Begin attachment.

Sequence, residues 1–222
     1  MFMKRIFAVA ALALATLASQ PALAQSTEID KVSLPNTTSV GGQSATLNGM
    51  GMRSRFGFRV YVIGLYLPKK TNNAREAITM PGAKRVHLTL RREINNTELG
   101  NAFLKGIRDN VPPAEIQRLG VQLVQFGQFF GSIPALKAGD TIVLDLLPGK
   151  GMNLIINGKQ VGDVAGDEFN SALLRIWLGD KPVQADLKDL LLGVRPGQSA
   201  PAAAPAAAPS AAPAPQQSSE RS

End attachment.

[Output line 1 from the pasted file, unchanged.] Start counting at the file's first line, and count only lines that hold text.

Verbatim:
Sequence, residues 1–222